While unmentioned in the press critiques of the Democrats, the Republican Party is in no better shape in terms of presidential candidates. Its current frontrunner is former Florida Governor Jeb Bush, brother of the man who left the White House in 2009 as the most hated American president since Herbert Hoover. Vying with Bush are assorted reactionaries, Christian fundamentalist demagogues and semi-fascists.

The potentially dynastic character of the 2016 election only testifies to the extreme narrowness of the existing political system and the emergence of the aristocratic principle as the dominant feature in American society. The enormous growth of economic inequality is the most pervasive social reality of the past three decades. It inevitably finds expression in political life as well.

Candidates become viable, not because of character or political ideas, but because they can raise sufficient amounts of money to be “competitive.” In order to do this, they must ingratiate themselves with the Wall Street financial oligarchy. Just as importantly, they must pass muster with the Pentagon, CIA, NSA and FBI, the vast military-intelligence apparatus that defends the interests of corporate America both at home and abroad—and has what amounts to a veto over who is selected as “Commander-in-Chief.”

In such an environment, the ruling elite seeks to limit political debate to its own circles, and to argue over what tactics will best serve its interests, excluding any political views that would threaten the existing social structure and division of wealth and income. There are sharp tactical divisions within the ruling class, including over foreign policy, but these are generally fought out through backroom methods of scandal-mongering and media leaks.

The extraordinarily insular character of the parties is a reflection of the narrow social foundations upon which they rest. In addition to support from the financial aristocracy and the military intelligence apparatus, the Democrats mobilize sections of the privileged upper middle class, including layers of academia, professionals, Hollywood and the trade union apparatus. Identity politics is a major component of their appeal, although the experience of the Obama administration has dealt a devastating blow to the popular illusions raised by the election of the first African-American president. Nonetheless, the Democrats seek a reprise with a campaign focusing on Clinton becoming the first female president.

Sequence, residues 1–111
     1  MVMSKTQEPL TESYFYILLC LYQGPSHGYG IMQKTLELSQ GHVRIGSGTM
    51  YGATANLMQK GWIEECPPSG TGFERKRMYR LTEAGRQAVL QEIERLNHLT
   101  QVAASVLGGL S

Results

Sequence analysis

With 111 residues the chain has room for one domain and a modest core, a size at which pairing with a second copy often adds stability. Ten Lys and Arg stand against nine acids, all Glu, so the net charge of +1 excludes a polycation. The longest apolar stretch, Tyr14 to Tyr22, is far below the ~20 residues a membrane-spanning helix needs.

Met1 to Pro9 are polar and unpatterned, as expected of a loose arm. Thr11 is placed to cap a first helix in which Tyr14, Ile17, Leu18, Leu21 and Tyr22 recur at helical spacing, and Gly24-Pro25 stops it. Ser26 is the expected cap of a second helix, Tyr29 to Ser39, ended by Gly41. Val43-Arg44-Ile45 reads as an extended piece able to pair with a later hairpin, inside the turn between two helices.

The Republicans mobilize openly reactionary sections of the population, on the basis of attacks on the poor and racial minorities and appeals to religious bigotry. They also make an increasingly open appeal to the military apparatus itself, as demonstrated in the suggestion by one potential Republican candidate, Lindsey Graham, that if elected, he would urge the military to force Congress to increase the Pentagon budget.

This protracted political process, extending over many decades, is something of a double-edged sword for the ruling elite. The great majority of the American people have zero influence over the selection of candidates by the two corporate-controlled parties between whom they will be given a “choice” on November 8, 2016.

Bourgeois politics in America has reached a certain point of exhaustion, particularly following the experience of Obama, the “transformative” candidate of “change.” The widespread disillusionment emerged in the last elections, the midterm contest in 2014, which saw a sharp fall in voter turnout. Outside of the top 10 percent or so of the population, the vast majority of the population is hostile and angry.

While this sentiment has not yet found direct political expression, it will—and as it does, it will take on an ever more insurrectionary and revolutionary form.

Patrick Martin